GUG Presents: The Legend of Zelda Breath of the Wild
Woken from a 100-year slumber, Link must explore the wilds to regain his lost memories and save Hyrule.
- Discover a world as never before seen: by making your own path, choices, and consequences
- Ingenuity is the key to survival: find multiple solutions to tons of dynamic puzzles
- Surprises hide around every corner: scavenge weapons, armor, plants, animals, and more
- Live off the land: find weapons and armor, cook food, and brew elixirs
- Utilize special technology: the in-game Sheikah Slate controls objects and enemies in fun ways
- Gear up: many weapons and armor have unique stats, resistances, effects, and durability.
- Shrines offer hundreds of clever challenges even veterans won't see coming
For speed runners, about one hour.
For you? FOREVER! FOREVER! FOREVER! FOR-EV-ER!
March 3, 2017
Nintendo Switch, Wii U
The Legend of Zelda: Breath of the Wild is not only one of the best open world games of our time, but it may also be the best LoZ game Nintendo has ever made. While OOT will forever be a classic, Nintendo has combined elements of other major open world titles like Skyrim and Dark Souls to make one of the toughest and most interesting LoZ games yet. My favorite feature in Breath of the Wild is the way in which you discover things, such as the horses you can tame and the hidden boss monsters to fight. This gives credence to players to really explore the entirety of the in game map to make sure they don’t miss anything.
For the first time in the series, we get fully voiced cut scenes, though Link himself is still mostly mute. However, there were some problems with minor stuttering and hiccups in some of the more crazy battles with multiple enemies, and I hate that almost every powerful weapon breaks after two or three good hits when swung at enemies that feel like damage sponges.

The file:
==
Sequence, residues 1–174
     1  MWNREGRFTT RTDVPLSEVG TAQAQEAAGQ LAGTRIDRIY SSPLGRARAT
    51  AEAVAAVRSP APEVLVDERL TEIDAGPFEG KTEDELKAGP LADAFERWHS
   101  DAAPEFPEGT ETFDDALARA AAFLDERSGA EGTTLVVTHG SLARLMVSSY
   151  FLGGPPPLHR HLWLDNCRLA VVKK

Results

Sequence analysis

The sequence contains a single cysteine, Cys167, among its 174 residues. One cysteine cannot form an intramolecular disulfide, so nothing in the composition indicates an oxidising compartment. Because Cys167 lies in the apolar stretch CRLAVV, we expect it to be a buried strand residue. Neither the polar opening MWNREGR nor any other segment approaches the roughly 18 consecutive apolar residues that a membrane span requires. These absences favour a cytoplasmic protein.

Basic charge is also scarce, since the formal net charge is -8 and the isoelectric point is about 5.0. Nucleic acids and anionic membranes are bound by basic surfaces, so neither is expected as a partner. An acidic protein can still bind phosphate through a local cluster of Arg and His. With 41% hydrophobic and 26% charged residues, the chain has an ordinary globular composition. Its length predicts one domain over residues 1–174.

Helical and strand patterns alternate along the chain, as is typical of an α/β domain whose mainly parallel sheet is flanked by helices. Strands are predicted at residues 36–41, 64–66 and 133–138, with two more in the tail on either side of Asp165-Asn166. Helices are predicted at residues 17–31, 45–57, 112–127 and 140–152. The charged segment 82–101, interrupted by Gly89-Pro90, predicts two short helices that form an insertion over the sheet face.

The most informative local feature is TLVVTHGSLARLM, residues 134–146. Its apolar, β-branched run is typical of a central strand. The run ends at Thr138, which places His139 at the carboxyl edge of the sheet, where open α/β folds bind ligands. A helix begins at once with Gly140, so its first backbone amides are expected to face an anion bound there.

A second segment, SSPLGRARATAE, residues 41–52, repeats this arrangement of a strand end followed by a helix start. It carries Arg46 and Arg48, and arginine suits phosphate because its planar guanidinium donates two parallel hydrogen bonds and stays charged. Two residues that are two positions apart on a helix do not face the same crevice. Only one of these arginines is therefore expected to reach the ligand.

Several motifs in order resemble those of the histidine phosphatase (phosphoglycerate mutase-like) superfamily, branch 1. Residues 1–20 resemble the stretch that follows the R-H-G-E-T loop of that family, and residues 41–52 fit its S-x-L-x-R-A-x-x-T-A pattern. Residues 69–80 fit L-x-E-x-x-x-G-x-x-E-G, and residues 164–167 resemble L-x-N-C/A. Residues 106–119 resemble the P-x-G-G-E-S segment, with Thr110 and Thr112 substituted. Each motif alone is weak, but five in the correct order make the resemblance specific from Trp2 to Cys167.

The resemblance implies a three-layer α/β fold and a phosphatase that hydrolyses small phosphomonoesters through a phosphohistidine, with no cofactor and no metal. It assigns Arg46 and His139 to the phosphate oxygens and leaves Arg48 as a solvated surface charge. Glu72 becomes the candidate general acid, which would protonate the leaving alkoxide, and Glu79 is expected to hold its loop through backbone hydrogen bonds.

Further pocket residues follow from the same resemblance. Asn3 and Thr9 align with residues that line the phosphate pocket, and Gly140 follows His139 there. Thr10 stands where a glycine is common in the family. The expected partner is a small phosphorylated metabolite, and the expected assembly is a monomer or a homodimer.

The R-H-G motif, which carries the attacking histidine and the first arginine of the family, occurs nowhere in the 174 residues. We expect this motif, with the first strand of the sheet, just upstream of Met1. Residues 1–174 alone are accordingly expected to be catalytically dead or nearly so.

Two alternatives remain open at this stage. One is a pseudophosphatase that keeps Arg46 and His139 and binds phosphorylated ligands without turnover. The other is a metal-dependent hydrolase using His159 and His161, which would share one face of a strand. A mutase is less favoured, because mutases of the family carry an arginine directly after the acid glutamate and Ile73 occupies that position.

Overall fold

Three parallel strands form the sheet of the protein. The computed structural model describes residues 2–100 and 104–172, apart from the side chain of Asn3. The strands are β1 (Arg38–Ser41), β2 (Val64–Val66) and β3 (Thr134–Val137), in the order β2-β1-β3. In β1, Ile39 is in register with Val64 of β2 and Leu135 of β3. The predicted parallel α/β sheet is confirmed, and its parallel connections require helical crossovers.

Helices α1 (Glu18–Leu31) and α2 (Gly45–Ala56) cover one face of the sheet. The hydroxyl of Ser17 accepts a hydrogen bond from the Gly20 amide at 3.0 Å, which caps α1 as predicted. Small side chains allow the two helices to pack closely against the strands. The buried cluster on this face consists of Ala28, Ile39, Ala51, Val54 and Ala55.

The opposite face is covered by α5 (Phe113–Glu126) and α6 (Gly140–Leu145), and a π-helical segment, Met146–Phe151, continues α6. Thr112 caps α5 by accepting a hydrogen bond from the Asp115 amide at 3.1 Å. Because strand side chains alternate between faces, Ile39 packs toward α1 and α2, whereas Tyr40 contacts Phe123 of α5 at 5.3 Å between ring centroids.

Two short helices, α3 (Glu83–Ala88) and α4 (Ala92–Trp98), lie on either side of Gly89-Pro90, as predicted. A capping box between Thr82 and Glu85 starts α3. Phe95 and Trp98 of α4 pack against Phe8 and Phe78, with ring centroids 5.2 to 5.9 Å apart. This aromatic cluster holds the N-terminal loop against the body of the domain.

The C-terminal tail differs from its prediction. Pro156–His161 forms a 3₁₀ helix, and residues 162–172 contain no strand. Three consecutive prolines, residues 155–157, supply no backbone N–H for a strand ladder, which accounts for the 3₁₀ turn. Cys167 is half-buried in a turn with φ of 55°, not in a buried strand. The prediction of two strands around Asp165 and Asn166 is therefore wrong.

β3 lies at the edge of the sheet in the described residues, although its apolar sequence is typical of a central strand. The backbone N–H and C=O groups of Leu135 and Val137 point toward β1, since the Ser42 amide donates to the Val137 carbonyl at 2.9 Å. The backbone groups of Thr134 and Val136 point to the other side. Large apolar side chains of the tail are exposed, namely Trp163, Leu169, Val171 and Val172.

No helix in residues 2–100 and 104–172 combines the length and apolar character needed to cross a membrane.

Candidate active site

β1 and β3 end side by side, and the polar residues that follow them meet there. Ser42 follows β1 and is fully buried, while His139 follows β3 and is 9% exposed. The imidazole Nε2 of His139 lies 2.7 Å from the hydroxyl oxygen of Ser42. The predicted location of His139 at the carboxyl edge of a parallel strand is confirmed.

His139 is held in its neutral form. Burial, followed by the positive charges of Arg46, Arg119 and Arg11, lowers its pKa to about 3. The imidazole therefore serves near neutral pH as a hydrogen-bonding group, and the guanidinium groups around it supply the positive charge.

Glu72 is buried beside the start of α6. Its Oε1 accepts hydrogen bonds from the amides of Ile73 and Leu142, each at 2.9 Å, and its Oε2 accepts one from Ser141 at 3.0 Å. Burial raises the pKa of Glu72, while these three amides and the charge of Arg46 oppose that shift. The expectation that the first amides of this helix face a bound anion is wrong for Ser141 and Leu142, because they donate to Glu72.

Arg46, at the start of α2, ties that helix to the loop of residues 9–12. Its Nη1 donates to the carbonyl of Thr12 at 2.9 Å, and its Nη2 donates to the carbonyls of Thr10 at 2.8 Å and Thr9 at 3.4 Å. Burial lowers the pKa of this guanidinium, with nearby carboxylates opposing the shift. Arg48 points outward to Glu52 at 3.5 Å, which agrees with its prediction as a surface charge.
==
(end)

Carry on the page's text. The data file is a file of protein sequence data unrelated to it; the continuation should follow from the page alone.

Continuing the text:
The fact that lightning attacks make me drop my shield and/or weapon, leaving me defenseless is one of the most annoying things I have experienced in gaming in some time. There is armor that can be found to offset this, but for most players, it will be a while before they benefit. While I played Breath of the Wild on the Nintendo Switch, the game seems to run just as well on Wii U according to those I have talked to who purchased it on Nintendo’s previous console. Whichever platform you decide to purchase the game for, if you are a LoZ fan or if you always find it in your heart to support Nintendo, then Breath of the Wild makes the case for why Nintendo will never go down without a fight a
The Legend of Zelda: Breath of the Wild is an awesome game. I do not mean “awesome” as in the game is “really cool.” I mean it in the sense that the game is awe-inspiring. As I stand on the edge of the plateau, I look around at the land of Hyrule. It is both familiar and shockingly new at the same time. Still, I do not have the slightest idea of how big this world really is. The world brings about wonder and admiration in a way that no other LoZ game has been able to so far, but also inspires respect and fear. With the weapon and shield breaking mechanic, the world is a much more dangerous place than previous LoZ games, which, while it can be annoying, it adds a fun challenge and the ability to collect many more weapons than in previous games. Many of the conversations that I have with my friends are peppered with the phase “I never even thought of it that way!” Thus, not only is the game awe inspiring, but it also demands creativity. Previous games included problem solving and puzzles, but in Breath of the Wild, there is no one way to do…anything. There are as many ways to play the game as their are players who have it.
If I have to say one thing I dislike about the game, I would choose the music. The music in the game, when it shows up, is phenomenal and salutes songs from other games in a way that compliments the atmosphere and cutscenes. However, there is not nearly enough of it in the game. I would feel much more adventurous if, as I ran across Hyrule field, epic music was playing in the background instead of the occasional single piano melodies that sound more like minigame than travel music.